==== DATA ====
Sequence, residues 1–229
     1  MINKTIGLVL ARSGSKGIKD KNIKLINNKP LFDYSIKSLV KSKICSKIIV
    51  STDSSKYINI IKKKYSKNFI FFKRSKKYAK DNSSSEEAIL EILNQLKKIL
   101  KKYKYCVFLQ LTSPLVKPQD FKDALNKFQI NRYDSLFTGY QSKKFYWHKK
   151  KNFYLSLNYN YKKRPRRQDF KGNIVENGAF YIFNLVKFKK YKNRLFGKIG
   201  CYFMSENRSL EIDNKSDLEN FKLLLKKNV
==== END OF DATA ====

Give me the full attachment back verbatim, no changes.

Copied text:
Sequence, residues 1–229
     1  MINKTIGLVL ARSGSKGIKD KNIKLINNKP LFDYSIKSLV KSKICSKIIV
    51  STDSSKYINI IKKKYSKNFI FFKRSKKYAK DNSSSEEAIL EILNQLKKIL
   101  KKYKYCVFLQ LTSPLVKPQD FKDALNKFQI NRYDSLFTGY QSKKFYWHKK
   151  KNFYLSLNYN YKKRPRRQDF KGNIVENGAF YIFNLVKFKK YKNRLFGKIG
   201  CYFMSENRSL EIDNKSDLEN FKLLLKKNV